Yen vs bitcoin
Bitcoin,  Cryptocurrencies,  Innovators

Japanese technology giant will pay part of employee salaries in bitcoin

The program lands somewhere between a company PR push and a cryptocurrency awareness campaign

A Japanese tech conglomerate called GMO Internet will be paying a portion of its employees’ salaries in bitcoin starting next month. The initiative is open to some 4,000 employees who, if they choose to, can receive up to 100,000 yen (that’s about $900 USD) of their income in bitcoin per month.

GMO Internet is a multifaceted company with diverse interests that include cloud computing and advertising technology, but it has been shifting its focus toward cryptocurrency for many months. The firm began operating a cryptocurrency exchange in May, and even started its own bitcoin mining operation shortly after that. It clearly wants to figure out how to best harness this technology to its own ends.

This bitcoin salary program lands somewhere between a company PR push and a cryptocurrency awareness campaign. Despite volatile fluctuations in bitcoin’s value, it’s hip and sexy for companies to publicly leverage the blockchain to different ends. Consider the iced tea company that merely changed its name to “Long Blockchain”—a marketing decision without technology behind it—and sent its shares skyrocketing.

This is an emergent pattern that’s starting to repeat itself. From vaporizer companies to pharmaceutical firms, numerous businesses are leaning on cryptocurrency to establish some cachet. GMO Internet’s efforts might represent the next level of mainstreaming “the money of the internet,” but at the same time, it’s yet another company chasing the next shiny object.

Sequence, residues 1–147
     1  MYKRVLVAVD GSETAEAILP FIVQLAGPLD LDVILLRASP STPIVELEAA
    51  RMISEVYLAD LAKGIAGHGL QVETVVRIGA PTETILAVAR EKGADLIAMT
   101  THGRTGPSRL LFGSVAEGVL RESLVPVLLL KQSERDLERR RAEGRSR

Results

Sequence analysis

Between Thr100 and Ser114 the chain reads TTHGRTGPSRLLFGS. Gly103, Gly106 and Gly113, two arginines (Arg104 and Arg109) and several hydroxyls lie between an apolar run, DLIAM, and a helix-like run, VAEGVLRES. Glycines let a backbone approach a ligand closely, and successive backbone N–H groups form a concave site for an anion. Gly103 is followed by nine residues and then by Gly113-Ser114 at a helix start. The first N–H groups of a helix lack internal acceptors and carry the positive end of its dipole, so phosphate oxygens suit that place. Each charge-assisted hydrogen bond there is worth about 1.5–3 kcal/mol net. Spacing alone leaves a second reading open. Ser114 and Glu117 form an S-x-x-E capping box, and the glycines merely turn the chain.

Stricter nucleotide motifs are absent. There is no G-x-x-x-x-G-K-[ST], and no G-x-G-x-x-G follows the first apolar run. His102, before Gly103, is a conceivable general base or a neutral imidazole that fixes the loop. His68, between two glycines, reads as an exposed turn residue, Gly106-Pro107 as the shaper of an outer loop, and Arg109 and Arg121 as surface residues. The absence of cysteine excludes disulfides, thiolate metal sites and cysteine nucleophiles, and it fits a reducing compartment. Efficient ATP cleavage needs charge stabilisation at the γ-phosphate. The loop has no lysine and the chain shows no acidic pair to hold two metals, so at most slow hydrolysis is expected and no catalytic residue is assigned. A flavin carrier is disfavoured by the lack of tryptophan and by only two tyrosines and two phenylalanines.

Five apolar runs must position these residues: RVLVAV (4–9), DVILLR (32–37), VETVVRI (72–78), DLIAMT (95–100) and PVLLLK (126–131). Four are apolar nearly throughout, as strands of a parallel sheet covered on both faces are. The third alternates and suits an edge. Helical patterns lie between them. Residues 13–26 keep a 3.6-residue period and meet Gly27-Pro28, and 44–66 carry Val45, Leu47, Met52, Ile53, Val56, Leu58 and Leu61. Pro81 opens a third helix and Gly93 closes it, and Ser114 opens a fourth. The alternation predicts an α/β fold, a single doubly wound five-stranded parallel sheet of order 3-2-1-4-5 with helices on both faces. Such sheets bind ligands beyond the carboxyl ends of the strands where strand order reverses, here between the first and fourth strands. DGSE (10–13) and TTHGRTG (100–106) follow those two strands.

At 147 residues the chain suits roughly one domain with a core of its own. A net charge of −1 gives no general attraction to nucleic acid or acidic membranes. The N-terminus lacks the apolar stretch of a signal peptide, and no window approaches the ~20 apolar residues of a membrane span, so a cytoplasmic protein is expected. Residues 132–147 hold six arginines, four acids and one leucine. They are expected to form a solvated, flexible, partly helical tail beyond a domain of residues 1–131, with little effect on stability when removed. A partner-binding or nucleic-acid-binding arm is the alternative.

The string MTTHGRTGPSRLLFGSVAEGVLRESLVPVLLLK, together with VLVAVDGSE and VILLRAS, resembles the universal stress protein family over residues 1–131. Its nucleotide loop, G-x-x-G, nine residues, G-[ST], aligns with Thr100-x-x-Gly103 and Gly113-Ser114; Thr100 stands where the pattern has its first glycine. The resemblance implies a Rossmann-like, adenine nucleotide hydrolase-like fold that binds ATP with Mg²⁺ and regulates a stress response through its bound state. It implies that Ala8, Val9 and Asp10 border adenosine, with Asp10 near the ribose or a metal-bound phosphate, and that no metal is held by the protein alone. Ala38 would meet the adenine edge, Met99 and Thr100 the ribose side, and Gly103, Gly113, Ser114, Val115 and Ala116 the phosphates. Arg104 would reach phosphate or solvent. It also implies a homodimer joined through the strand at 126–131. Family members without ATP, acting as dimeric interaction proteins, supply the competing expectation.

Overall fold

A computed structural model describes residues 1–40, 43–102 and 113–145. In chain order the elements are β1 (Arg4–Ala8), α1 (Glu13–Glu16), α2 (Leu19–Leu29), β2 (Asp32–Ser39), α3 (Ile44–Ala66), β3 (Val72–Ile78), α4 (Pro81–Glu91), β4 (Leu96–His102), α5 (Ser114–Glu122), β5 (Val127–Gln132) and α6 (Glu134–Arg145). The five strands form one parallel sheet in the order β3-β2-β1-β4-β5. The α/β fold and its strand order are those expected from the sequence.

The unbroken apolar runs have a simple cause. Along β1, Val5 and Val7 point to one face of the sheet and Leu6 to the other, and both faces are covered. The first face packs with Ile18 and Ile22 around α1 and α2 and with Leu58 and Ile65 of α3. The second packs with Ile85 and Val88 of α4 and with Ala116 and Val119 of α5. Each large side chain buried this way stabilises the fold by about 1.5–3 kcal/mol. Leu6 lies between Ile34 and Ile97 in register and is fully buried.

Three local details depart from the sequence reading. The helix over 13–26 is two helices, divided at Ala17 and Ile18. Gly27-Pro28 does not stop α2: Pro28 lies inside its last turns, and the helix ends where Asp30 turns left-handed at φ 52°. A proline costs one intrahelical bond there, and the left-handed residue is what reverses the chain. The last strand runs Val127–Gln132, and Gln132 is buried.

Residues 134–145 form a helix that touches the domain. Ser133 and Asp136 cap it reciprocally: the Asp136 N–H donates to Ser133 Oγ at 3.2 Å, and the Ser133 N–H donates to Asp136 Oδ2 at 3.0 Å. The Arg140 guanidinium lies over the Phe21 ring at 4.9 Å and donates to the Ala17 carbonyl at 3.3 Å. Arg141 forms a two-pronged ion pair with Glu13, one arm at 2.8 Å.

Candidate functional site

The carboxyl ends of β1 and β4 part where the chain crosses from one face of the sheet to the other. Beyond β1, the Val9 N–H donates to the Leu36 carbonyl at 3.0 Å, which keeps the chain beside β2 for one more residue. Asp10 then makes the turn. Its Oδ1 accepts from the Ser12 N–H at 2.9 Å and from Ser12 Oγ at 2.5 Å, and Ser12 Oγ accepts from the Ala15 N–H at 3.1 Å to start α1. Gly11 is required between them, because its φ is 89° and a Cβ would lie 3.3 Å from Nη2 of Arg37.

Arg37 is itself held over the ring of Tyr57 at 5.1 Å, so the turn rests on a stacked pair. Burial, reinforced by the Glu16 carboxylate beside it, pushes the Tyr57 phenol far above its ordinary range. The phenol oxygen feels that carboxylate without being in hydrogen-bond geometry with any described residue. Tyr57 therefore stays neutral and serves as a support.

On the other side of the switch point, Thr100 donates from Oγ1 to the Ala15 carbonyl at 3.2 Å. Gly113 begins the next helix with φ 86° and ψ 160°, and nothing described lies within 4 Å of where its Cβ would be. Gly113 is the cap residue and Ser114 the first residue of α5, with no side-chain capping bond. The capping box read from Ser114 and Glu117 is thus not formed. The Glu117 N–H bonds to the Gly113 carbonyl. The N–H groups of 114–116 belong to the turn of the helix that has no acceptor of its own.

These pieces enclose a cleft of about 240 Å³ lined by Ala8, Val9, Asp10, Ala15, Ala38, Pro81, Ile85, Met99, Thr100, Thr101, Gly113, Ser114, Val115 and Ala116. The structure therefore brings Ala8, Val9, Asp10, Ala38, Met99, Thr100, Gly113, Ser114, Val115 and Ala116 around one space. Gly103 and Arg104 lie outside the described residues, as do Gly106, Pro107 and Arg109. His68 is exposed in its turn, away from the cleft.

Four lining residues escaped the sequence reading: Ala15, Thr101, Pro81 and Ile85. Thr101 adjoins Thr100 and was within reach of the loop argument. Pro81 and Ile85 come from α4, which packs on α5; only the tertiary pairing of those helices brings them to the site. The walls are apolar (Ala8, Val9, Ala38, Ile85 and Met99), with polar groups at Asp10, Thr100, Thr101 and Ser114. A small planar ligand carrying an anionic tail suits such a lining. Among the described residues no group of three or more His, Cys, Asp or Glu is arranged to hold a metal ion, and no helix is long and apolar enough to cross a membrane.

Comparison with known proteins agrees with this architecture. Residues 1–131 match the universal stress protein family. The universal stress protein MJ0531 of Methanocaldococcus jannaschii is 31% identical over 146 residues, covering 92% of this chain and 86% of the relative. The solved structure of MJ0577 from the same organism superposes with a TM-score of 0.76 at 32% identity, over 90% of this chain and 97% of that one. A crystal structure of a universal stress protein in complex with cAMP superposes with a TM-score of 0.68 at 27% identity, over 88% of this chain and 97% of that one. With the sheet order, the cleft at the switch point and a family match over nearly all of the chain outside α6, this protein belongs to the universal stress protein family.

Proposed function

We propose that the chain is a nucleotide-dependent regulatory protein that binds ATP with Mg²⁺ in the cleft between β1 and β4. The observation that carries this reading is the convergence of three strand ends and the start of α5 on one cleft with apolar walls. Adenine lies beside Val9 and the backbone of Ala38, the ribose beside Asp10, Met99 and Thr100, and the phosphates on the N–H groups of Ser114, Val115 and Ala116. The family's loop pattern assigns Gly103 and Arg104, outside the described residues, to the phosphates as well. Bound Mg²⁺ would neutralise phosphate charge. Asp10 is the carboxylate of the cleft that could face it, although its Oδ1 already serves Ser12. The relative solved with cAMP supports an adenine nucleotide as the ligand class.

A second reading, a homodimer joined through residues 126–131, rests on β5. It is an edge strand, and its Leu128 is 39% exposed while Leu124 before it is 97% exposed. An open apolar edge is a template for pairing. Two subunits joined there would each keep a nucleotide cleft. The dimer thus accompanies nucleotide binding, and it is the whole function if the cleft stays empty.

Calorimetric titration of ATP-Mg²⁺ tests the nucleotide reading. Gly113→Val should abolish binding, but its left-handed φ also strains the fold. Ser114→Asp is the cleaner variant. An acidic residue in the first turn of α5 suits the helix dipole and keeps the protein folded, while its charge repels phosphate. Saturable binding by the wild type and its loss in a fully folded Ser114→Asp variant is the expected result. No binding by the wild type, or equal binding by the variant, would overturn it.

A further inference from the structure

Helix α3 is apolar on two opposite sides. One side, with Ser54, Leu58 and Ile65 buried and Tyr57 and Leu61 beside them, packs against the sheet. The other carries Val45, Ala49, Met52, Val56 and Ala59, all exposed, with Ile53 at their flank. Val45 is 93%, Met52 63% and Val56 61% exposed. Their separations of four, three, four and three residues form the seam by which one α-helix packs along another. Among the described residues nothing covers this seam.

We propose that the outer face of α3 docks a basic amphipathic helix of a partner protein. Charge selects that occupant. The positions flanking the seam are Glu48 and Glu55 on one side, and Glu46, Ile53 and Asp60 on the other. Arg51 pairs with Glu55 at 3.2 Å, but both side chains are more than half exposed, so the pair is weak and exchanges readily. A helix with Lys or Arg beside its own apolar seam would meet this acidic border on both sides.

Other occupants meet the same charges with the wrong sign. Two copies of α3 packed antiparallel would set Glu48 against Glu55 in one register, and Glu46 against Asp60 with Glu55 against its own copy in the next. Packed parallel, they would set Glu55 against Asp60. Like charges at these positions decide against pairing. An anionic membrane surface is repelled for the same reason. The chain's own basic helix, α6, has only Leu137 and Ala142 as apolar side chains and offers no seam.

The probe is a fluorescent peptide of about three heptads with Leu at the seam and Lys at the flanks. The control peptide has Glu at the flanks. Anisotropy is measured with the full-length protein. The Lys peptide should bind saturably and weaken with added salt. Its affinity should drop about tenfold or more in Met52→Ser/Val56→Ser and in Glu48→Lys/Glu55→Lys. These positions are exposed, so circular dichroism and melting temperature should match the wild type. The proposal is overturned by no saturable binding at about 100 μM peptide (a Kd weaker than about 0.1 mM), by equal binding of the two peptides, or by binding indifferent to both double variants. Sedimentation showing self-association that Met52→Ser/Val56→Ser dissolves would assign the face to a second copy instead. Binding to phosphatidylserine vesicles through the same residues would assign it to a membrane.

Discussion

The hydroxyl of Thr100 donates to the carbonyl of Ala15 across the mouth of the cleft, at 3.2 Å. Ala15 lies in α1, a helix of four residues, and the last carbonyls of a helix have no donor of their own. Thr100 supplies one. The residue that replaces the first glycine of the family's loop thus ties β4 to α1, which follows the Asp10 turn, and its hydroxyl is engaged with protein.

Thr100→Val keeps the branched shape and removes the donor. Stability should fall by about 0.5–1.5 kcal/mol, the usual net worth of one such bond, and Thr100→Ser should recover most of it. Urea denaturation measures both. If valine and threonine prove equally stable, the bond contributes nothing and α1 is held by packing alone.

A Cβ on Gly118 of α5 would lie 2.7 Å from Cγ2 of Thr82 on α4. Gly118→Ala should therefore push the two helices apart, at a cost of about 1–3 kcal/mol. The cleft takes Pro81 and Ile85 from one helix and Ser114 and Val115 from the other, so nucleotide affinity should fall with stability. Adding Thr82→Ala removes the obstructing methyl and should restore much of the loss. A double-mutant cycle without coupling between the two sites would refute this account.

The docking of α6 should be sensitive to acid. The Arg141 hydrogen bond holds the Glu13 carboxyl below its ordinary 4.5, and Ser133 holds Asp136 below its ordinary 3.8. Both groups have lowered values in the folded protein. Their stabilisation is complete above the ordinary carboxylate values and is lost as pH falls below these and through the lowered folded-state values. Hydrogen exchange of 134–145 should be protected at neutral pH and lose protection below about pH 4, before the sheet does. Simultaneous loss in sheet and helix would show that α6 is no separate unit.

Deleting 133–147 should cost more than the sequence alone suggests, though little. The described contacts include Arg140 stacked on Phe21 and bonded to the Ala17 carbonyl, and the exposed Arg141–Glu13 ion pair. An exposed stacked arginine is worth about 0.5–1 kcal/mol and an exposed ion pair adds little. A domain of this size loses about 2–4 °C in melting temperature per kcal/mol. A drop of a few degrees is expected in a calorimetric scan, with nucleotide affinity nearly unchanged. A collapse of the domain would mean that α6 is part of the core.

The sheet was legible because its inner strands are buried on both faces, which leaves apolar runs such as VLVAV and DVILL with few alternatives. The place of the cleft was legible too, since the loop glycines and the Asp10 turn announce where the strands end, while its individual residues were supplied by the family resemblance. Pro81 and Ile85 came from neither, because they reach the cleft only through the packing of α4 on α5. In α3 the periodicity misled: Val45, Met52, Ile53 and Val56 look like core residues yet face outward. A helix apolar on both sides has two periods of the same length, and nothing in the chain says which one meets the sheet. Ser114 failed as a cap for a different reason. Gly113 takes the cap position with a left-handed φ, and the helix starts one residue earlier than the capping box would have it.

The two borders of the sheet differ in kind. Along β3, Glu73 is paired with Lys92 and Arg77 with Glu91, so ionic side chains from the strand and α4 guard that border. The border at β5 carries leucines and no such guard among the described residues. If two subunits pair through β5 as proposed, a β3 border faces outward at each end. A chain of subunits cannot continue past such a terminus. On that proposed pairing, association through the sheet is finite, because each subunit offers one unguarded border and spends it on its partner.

“We hope to improve our own literacy of virtual currency by actually using it,” GMO Internet spokesperson Harumi Ishii told the AFP in December.

The question of tax liability bubbles quickly to the surface. If employees are receiving untraceable digital money that holds real-world value, how do they represent that when tax time rolls around? If and when bitcoin salaries become more commonplace, laws around the world will modernize to reflect that. There will surely be income tax due on the value of one’s bitcoin salary at the time it was paid, and there may be capital gains liability if one’s bitcoin holdings should increase in value, suggests the BBC.

Bitcoin is a decentralized worldwide currency that’s controlled by no single individual, but by the crowd of people who perpetuate it. Governments can ban it, individuals can shun it, but the genie has been out of the bottle for nine years and shows no signs of going away.

Whether companies like GMO Internet jump on the blockchain bandwagon because they truly believe in the technology or because they want to be in the next big thing, these maneuvers work to bring a provocative technology to the surface.

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Dylan Love is an editorial consultant, contributing reporter, and fiendishly curious technology enthusiast. He owns no cryptocurrencies.